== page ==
The FDA commissioner was busy last week, appearing not just at the POLITICO Pro Policy Summit, but at several other events around town. At Friends of Cancer Research, for example, Gottlieb said he thinks Congress should legislate lab-developed test regulation, as opposed to FDA issuing guidance on the topic. Gottlieb said Congress has done a lot of work in this area and has carefully thought through the issue.
In 2014, the Obama administration tried to exert more regulatory authority over these tests — a type of in vitro diagnostic designed, manufactured and used at just one lab, rather than manufactured and sold widely (which would require FDA approval). But it never finalized the policy after Republicans and some of the test creators expressed outrage.
As FDA waits for Congress to act, Gottlieb said the agency will take incremental steps that will “on a voluntary basis provide more regulatory touch on certain aspects of these tests.” But to regulate optimally in this area, he said FDA “needs a clear legislative framework” to work from, rather than using guidance documents. In late March, Reps. Larry Bucshon and Diana DeGette introduced an LDT bill they hoped to attach to the recently enacted FDA user fee reauthorization. It didn’t make it into that package but Congress is working on other FDA legislation now, including reshaping the over-the-counter drug program, which could make for a logical vehicle.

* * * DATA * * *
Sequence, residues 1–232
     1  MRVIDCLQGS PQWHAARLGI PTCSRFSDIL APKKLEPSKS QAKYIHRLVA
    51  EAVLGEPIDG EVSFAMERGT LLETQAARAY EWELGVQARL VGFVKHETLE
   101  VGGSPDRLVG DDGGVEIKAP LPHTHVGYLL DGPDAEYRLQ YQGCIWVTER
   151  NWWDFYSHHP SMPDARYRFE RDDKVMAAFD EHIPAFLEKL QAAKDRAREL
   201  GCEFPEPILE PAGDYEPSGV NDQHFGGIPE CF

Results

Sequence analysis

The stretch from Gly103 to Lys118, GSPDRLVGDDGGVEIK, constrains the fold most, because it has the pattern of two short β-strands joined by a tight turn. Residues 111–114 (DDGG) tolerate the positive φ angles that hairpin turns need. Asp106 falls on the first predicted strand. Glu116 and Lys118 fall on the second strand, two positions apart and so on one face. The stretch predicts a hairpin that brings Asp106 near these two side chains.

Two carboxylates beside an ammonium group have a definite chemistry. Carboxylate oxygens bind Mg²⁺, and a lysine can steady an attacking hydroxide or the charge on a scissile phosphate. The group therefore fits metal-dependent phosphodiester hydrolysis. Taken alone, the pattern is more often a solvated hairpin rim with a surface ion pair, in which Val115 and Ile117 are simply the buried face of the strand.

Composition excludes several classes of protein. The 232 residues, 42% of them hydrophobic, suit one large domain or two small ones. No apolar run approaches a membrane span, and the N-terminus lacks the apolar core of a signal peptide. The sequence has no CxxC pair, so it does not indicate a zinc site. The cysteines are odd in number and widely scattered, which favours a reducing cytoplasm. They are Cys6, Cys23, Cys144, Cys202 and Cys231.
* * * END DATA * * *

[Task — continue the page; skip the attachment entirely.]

… Gottlieb also revealed that FDA is working on new drug-specific guidance for Alzheimer’s disease and ALS — two of 10 new disease-specific guidance documents in the works that should help companies design their clinical trials. Gottlieb said he hopes this work will “create more incentives for people to attack these unmet medical needs, because they have clear direction.”